Should Employee Health-Care Benefits Be Taxed?

January 12, 2006

Via TaxProf Blog, the Bush administration has officially rejected the recommendation of the Advisory Panel on Federal Tax Reform to limit the tax subsidy granted to employer-provided health-care benefits. From Bloomberg:

President George W. Bush has rejected a key proposal of his tax reform commission, which would impose a tax on some employer-provided health benefits, said Al Hubbard, the president’s top economic adviser.

The Advisory Panel on Federal Tax Reform, commissioned by Bush to suggest ways of reworking the tax code, recommended taxing workers on health insurance benefits valued at $11,500 or more for a family, arguing the current system encourages expensive and unnecessary “Cadillac” plans.

“I know the president’s not interested in pursuing that,” Hubbard, director of the president’s National Economic Council, said in an interview. Instead, Bush will promote expanding untaxed health savings accounts and increased deductibility of medical expenses, he said. (Full piece here.)

Is it good tax policy to remove employer-provided health-care benefits from the federal income tax base? Maybe not.

A vestige of World War II price controls, the exclusion for employer-provided health care is the largest preference in the tax code with an estimated 2006 value of roughly $126 billion. By substantially narrowing the federal tax base, it forces all taxpayers to pay higher tax rates, increasing the distortion caused by federal taxes in markets and ultimately reducing U.S. economic performance. If widening Americans’ access to health care is our policy goal, there may be much less costly ways to achieve that than through the federal tax system.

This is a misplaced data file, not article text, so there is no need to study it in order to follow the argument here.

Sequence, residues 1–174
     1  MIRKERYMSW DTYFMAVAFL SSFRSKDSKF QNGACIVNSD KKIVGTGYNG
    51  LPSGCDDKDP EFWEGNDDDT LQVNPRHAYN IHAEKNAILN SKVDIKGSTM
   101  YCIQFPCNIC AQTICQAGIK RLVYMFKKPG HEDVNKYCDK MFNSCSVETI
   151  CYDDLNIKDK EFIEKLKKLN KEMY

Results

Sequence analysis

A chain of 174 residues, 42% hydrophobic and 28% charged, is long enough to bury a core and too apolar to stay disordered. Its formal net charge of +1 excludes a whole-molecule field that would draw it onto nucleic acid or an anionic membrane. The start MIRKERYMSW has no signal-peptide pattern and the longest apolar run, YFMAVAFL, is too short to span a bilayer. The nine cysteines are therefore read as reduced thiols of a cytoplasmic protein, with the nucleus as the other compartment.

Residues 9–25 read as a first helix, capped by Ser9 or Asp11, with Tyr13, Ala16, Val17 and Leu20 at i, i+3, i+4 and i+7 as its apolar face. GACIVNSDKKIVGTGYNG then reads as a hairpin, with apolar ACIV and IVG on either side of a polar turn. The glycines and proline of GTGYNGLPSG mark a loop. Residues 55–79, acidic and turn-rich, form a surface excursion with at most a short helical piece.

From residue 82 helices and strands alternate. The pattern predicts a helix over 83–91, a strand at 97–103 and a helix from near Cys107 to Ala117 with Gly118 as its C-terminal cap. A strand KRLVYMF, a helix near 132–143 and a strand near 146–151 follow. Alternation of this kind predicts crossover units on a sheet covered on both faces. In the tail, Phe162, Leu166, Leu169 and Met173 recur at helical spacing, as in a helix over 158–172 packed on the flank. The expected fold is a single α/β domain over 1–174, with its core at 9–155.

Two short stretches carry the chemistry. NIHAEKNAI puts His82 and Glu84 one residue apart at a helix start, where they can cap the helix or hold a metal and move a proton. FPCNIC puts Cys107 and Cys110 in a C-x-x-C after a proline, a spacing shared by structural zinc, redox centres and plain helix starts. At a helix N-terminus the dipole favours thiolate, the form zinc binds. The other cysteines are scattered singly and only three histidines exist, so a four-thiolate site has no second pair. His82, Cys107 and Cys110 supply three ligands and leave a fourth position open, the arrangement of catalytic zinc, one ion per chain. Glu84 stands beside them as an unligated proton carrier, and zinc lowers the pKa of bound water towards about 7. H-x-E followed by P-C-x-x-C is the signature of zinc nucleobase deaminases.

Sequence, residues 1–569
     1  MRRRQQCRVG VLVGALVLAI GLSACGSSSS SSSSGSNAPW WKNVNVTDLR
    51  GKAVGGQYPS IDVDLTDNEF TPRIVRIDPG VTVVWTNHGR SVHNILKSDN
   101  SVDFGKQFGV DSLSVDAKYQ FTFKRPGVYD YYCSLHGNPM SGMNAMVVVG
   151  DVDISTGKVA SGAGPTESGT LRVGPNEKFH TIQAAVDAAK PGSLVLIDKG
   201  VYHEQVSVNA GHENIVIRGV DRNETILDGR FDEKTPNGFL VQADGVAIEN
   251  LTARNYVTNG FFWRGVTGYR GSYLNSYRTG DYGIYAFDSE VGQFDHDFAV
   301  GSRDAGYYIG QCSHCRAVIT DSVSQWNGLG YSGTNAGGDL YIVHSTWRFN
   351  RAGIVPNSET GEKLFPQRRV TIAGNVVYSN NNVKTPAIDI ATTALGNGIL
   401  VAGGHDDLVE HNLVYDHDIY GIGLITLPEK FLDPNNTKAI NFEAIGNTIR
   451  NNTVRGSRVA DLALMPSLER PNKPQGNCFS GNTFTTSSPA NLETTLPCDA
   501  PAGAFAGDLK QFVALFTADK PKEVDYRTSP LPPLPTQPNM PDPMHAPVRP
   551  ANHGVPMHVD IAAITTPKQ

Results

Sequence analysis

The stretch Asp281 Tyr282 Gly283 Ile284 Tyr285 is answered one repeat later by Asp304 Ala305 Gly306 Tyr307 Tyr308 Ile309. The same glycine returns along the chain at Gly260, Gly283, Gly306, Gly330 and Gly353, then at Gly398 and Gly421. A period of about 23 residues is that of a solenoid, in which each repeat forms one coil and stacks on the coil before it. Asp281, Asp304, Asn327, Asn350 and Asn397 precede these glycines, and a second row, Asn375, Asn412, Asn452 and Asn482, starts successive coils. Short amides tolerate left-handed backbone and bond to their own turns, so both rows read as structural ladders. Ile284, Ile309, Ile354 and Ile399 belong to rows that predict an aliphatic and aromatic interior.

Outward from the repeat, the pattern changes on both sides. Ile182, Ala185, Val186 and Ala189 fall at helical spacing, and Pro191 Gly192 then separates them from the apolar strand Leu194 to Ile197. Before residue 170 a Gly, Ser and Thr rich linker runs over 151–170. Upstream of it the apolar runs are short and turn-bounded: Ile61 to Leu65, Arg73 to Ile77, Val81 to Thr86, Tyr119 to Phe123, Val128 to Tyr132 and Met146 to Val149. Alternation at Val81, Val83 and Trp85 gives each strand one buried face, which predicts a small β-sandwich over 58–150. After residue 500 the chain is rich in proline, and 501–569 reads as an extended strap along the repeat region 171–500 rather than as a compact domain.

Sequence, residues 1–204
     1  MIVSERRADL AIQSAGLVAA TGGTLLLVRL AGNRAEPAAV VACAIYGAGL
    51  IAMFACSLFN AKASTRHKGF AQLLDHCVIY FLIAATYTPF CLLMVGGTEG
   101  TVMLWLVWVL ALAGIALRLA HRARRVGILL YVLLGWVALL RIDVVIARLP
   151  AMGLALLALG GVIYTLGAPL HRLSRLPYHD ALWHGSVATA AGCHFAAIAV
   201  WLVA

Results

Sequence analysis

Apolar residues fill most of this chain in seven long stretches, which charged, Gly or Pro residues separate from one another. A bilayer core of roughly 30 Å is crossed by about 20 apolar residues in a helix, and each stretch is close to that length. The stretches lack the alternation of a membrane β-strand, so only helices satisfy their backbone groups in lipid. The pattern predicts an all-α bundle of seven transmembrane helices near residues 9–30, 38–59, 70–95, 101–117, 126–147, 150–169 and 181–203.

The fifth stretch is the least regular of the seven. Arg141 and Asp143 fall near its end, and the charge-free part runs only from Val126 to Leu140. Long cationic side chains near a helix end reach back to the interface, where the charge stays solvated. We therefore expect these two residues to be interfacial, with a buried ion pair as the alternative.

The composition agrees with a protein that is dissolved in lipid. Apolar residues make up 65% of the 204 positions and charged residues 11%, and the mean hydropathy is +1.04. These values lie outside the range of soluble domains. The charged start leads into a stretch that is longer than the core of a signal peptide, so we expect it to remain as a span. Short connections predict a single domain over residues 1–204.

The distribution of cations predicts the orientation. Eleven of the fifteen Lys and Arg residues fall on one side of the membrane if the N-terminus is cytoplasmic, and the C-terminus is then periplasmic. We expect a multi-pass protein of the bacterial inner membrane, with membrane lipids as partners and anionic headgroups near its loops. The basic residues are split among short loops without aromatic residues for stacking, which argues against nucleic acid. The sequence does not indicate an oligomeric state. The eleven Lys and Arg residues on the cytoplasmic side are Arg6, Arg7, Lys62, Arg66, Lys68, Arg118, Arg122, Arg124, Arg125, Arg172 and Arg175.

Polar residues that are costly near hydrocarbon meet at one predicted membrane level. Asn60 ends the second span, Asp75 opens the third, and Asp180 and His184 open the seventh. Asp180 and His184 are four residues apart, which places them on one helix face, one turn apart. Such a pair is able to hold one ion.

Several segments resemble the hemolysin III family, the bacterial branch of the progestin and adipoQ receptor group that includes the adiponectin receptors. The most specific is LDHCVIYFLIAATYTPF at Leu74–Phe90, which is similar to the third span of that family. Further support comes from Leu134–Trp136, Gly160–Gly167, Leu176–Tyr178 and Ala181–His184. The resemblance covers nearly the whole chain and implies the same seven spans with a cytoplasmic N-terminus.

Here’s more from our analysis of the tax reform panel’s final report to the Treasury:

Recommendations in Need of Reevaluation:

Exclusion for employer-provided health insurance Both plans would cap the tax exclusion for employer-provided health insurance at $11,500 for families and $5,000 for individuals. A vestige of World War II price controls, the exclusion for employer-provided health care is the largest preference in the tax code with an estimated 2006 value of roughly $126 billion. This exclusion has greatly distorted the health care market by creating a third-party payer system that makes employers and insurance companies—not employees or patients—the true “customers” of health care. Patients do not act as true consumers because they pay only a fraction of the cost and actually have the incentive to over-consume health care. While most economists see the only solution to this government-created problem is to eliminate the exclusion, capping the exclusion may be a short-term step in the right direction. However, the Panel’s recommended cap levels are so high, and indexed to inflation, that most health plans are likely to be unaffected in either the near term or long term. Thus, the proposal may have little effect on controlling third-party health expenses.

Further reading: Three Decades of Government-Financed Health Care in the United States, by Patrick Fleenor


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